Overnight at Mt. Washington Observatory
They live in this building, but they live for what happens outside. The weather room is packed with computers, instruments, and charts. They’re a world onto themselves, every day hoping a great storm will stop by and make every hourly venture outside to check this or that device a battle of will against wind. For fun they challenge one another to see which of them can walk around the icy observatory tower in a 100 mph blast without touching a rail or toppling over. They call it the Century Club. On the tower the wind punches your breath away. It’s dangerous–irresistible to any observer, intern, or staffer who knows the lore and legends of all the men and women who have lived here before them.
We learn the rules right away. “Nobody leaves without checking with me. Nobody goes out alone,” Joe says. If we go outside, we must never lose sight of each other. We sleep with all outdoor gear within reach. If there’s an emergency and we have to scramble outside with the wind chill at minus 50 degrees, there’s no time to say, Oops, no mittens. Water is scarce; no showers. The air is so dry people get dehydrated, so we have to drink a lot of liquids. Joe urges us to go to the tower to see the sunset, and to wake at 5:30 for sunrise. Many days and nights you see nothing but fog, but when it clears, Joe promises, it’s like nothing we can imagine.
Joe readies us to feel the mountain under our feet. Washington is not a forgiving mountain, so we need to strap crampons on our boots and know how to use an ice axe. Joe grabs our attention.
“It was April,” he says. “Two men hiked up here on a windy day. It was the iciest I’ve ever seen. It was scary being up here, hard to get your crampons into the surface. These two guys made it to the top and were standing in the parking lot. And they relaxed and put their ice axes down. And a gust of wind hit them. They went over on their backs. One guy went maybe 200 feet and hit a rock and broke his femur. The other guy went more than a mile. And that’s why I went up there, to bring his body down. It could have happened to anyone. So when you walk out here, always have your ice axe in your hand.”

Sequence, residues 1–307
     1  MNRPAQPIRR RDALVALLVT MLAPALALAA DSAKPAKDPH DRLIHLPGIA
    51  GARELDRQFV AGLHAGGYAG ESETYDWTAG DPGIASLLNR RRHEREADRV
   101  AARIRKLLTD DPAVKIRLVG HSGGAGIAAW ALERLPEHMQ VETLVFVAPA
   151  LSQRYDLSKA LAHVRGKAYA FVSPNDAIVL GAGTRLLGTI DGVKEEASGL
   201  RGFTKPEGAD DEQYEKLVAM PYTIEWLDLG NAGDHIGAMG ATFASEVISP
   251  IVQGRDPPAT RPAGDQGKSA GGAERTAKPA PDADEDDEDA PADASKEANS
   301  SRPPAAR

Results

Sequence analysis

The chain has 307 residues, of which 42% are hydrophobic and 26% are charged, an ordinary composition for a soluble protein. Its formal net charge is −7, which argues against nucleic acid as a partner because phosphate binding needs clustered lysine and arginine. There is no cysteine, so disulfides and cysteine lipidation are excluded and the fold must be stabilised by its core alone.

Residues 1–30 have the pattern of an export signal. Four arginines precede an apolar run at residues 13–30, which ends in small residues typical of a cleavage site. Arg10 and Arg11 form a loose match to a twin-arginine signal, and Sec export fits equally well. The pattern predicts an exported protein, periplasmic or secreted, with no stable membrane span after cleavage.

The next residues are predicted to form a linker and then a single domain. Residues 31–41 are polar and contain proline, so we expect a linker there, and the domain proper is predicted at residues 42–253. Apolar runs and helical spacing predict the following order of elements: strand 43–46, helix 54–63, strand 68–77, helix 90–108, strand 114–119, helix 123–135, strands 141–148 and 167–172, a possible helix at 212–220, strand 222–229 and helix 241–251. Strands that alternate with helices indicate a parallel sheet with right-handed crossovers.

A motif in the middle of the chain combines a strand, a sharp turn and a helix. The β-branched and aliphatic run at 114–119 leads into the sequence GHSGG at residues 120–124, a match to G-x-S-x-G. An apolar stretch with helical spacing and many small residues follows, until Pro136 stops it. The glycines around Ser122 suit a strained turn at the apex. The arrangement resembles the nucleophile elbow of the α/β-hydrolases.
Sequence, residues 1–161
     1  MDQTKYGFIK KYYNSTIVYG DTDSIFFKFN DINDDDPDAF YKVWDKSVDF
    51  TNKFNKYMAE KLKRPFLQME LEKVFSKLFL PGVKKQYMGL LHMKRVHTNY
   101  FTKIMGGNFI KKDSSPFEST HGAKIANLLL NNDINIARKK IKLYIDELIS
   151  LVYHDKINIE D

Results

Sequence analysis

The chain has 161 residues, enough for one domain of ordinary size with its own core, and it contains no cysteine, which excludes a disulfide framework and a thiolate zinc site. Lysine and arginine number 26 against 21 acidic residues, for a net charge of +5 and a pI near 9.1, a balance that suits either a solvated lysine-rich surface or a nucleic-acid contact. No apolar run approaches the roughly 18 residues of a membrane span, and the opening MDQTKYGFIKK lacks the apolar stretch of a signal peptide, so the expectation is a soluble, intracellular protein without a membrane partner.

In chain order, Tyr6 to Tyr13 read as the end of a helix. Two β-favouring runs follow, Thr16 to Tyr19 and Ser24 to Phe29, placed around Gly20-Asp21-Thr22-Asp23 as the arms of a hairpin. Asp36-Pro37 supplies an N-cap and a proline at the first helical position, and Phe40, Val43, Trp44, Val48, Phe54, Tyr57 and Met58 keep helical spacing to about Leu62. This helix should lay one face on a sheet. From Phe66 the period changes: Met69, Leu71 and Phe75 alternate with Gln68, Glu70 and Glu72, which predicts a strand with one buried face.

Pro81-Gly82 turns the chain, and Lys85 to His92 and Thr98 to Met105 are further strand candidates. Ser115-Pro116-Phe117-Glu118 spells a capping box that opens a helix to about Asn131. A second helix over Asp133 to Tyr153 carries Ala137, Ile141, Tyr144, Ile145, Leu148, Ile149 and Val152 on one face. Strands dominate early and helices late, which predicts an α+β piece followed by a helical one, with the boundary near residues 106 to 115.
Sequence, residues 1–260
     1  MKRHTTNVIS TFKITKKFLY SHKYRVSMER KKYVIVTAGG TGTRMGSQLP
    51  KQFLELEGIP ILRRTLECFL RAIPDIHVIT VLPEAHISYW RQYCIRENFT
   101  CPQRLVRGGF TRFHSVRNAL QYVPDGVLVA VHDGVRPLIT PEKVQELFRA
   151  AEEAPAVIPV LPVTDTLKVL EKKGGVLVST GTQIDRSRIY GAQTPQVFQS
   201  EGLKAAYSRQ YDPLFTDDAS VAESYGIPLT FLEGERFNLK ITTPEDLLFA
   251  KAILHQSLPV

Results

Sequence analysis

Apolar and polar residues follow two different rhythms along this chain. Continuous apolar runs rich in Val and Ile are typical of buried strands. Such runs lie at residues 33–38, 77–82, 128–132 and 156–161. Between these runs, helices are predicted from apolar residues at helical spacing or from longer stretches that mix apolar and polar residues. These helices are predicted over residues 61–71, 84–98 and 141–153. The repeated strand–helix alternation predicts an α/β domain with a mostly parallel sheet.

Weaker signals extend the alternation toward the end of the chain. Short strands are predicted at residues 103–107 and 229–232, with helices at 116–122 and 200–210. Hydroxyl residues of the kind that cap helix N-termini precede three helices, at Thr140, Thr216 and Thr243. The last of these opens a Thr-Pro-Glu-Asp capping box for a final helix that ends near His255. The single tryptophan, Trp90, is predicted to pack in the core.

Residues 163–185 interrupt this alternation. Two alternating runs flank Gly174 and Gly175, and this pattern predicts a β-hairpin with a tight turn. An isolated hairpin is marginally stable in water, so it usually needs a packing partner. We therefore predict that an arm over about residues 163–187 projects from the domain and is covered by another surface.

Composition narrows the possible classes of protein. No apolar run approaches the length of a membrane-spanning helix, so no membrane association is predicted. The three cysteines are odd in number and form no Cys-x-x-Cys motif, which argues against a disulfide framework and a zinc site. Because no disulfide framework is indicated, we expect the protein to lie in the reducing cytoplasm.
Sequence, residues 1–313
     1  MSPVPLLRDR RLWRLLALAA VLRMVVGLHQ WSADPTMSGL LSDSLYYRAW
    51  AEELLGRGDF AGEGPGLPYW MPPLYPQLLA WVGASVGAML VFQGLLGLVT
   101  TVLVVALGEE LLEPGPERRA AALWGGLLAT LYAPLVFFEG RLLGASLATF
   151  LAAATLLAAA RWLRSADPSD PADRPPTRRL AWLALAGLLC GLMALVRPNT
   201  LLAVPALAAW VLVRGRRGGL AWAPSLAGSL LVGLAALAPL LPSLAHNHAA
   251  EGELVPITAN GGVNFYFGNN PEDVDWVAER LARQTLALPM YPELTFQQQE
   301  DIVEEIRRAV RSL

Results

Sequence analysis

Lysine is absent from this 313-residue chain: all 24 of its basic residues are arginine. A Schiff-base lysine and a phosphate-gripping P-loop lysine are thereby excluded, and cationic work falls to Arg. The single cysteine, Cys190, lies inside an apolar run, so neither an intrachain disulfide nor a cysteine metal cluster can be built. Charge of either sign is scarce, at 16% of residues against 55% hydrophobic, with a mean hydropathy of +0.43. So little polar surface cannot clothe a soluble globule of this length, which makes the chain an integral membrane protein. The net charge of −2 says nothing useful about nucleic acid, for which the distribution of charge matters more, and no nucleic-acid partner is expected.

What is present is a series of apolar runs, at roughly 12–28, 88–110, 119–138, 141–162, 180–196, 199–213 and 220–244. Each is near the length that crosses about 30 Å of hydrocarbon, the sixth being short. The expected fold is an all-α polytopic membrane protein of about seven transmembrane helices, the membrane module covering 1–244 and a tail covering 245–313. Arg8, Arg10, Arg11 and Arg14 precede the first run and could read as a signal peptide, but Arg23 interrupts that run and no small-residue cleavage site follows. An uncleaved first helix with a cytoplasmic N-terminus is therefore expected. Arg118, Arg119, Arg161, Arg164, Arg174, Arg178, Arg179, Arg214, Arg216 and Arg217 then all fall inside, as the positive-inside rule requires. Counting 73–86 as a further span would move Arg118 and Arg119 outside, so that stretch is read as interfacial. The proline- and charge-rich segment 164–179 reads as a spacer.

Walking with crampons on hard snow and slick rocks, you become aware of every step: lift foot, put foot down, lift other foot. Aware of every breath. We wear hoods over our hats, and goggles over our hoods. Our faces are covered with balaclavas. We’re thickly layered from top to bottom. It’s a strange feeling to be so cocooned in the bitter cold. Joe guides us to a moderate slope above the Lakes of the Clouds. Just beyond, the headwall of Tuckerman Ravine is lovely in the rare sun.
We’re here to learn “self-arrest”: a technique of stopping a fall that can make the difference between living and not. We climb to the crest of the slope, lie on our bellies, heads to the rise, and, well, let go. We slide, wanting speed, then push down with our body weight on the edge of the axe until we stop. Climb back. Lie on our backs, let go, flip ourselves over. Stop. Climb back. Then head first, a position to give pause, then flip ourselves over, all the while lifting our legs off the ground lest a crampon dig in, and perhaps snap an ankle. One of us doesn’t stop until he barrels into Joe, standing like a crossing guard where the slope levels off. In 1994, a woman in her early twenties climbed not far from here with friends; they made themselves into human sleds, until the laughter ended, when in a sudden and growing mist, she shot past the headwall and into a deep crevasse. Her name is on the wall at the Sherman Adams Summit Building.
Joe’s pack weighs 24 pounds. He tells us that these 24 pounds will let him survive any conditions on Earth. On the side of the pack he carries a short-handled, steel-bladed shovel. It weighs next to nothing; hardware stores carry them for $10. We trek across the ridge until we come to hard pack. We dig what looks like a grave–just deep enough and long enough to hold one of us. If we’re ever caught in a storm, if it’s 20 below and blowing 80, this hole can provide just enough warmth away from the wind to give rescuers time to find us. We take turns crawling inside. When I slide under the lip of the cave, it’s as claustrophobic as an MRI tube. “It’s not the Ritz,” Joe says, “but it’ll keep you alive.”
The night is clear, the stars startlingly so, but in the morning clouds sweep through and descend, and snow starts. Joe’s happy; bad weather has joined his trip. We start walking down the Auto Road. Once I’m blown nearly off it. When I look up, the group seems to have walked through a hidden white door. I know I’m fine. I’m standing on the Auto Road; Joe is just ahead. But still…
In time, we hear the snow tractor rumbling toward us from the top, where it had gone earlier to take supplies. Nobody wants to get in.